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Kissing’s always in season

“Kissing’s out of season when gorse is out of bloom” – so says the old English saying. Pull over! Stop the car! Let’s get comfortable…

Ulexeuropaeus500For as I continue my back-and-forthing visiting family and friends through southern England most of the motorways and other major roads have gorse, Ulex europaeus, in flower alongside  – sometimes miles of it. And that’s the point: it’s very rarely without a flower, even in a proper winter. This winter, of course, has not been at all proper: the January sunbathers in Central Park made the news here in England.

Gorse, known as furze or whin in some areas, has always been plentiful and so had many traditional uses: in particular it was bundled and used to heat ovens in homes and bakeries and, after crushing in a cider mill to flatten the nasty spines, it was used as a winter feed for stock. Rarely grown in gardens, the double flowered form is no improvement. It is mentioned in a number of traditional folk songs and its reminder that a kiss and a cuddle is always to be enjoyed remains potent.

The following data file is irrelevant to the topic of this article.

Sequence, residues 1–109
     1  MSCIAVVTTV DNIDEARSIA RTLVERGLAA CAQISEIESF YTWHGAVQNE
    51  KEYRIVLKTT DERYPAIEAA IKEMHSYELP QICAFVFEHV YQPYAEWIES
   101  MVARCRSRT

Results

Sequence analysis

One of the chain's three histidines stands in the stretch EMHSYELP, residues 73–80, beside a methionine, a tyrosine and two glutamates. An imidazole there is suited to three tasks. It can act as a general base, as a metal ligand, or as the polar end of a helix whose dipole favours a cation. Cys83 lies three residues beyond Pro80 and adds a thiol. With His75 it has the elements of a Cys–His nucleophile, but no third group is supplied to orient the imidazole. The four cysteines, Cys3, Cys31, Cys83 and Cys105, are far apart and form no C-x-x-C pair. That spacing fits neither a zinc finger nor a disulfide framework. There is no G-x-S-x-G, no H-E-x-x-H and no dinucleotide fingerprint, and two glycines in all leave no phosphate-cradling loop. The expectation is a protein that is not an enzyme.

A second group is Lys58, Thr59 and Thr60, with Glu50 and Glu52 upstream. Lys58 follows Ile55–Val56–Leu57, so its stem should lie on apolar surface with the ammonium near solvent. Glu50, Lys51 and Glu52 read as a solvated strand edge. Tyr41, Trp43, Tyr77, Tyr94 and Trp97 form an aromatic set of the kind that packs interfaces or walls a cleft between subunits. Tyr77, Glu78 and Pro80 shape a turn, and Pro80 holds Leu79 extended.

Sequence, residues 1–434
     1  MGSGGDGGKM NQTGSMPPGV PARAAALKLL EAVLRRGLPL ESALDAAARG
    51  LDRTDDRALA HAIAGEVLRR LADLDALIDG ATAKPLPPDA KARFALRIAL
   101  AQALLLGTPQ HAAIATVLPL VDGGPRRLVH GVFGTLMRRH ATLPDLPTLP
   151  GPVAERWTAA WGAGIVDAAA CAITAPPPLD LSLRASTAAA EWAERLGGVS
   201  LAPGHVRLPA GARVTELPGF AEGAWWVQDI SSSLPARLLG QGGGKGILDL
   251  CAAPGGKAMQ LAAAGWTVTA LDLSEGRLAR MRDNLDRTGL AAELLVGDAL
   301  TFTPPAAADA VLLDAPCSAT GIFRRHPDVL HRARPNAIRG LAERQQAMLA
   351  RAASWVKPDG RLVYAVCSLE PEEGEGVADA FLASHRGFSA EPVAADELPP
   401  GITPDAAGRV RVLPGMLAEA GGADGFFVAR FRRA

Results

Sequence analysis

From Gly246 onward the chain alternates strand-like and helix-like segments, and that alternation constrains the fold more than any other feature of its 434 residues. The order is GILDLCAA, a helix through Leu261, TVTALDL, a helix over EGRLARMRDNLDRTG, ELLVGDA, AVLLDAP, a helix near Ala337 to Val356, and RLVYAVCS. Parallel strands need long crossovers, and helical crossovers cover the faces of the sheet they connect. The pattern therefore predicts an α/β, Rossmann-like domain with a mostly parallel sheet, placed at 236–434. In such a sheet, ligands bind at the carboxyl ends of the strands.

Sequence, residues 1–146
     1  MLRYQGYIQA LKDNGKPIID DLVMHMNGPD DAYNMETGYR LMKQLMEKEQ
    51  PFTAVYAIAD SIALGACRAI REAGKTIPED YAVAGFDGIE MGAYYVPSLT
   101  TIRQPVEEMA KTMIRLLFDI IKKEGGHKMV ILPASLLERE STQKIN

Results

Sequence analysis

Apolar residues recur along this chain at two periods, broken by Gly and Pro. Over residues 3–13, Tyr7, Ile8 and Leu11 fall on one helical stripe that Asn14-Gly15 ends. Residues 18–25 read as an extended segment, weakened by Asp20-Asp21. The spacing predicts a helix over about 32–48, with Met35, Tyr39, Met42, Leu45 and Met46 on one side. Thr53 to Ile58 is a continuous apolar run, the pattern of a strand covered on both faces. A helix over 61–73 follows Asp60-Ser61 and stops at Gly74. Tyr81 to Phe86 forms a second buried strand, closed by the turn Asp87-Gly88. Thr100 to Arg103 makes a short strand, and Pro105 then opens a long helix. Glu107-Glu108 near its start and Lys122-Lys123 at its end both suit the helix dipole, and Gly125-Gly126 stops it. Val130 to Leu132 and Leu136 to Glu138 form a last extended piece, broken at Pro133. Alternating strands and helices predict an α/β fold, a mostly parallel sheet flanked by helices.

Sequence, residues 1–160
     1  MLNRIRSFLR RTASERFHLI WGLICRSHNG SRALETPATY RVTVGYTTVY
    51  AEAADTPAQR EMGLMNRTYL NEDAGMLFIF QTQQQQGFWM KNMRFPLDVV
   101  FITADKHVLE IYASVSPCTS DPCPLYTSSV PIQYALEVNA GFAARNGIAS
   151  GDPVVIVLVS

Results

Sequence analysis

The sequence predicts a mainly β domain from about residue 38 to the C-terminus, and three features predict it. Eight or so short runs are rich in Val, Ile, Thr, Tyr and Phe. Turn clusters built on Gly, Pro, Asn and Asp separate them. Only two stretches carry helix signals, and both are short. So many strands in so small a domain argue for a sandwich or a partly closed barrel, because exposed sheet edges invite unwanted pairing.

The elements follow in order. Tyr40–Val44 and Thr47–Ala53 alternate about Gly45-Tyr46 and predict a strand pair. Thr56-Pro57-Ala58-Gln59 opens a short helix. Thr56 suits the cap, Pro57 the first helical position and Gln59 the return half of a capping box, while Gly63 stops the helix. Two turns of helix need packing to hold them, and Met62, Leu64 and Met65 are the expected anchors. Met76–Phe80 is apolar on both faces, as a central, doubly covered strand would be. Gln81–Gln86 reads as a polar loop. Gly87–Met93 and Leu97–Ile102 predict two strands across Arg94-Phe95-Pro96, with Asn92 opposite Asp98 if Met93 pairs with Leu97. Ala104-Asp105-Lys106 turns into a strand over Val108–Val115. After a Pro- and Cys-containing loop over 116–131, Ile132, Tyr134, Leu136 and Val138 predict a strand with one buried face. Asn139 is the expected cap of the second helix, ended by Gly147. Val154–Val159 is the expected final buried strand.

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Ulex europaeus is not a native species, U. gallii is, hence the different flowering times - U. europaeus especially the double form is strongly scented - smelling of almonds.

Graham Rice

Yes, the scent can be quite noticeable.

In fact, both species are native along with the low growing U. minor which is mainly restricted to the south east. The presence of U. europaeus, which mainly flowers in the cooler months, together with U. gallii, mainly summer flowering, plus hybrids between the two - yes, that is certainly the basis for the all-year flowering of gorse in good years.

Gorse, U. europaeus, is native over almost the whole of Britain and Ireland though it has also been planted; U. galli, the Western gorse, is mainly found in Wales and the south west as well as southern Ireland.

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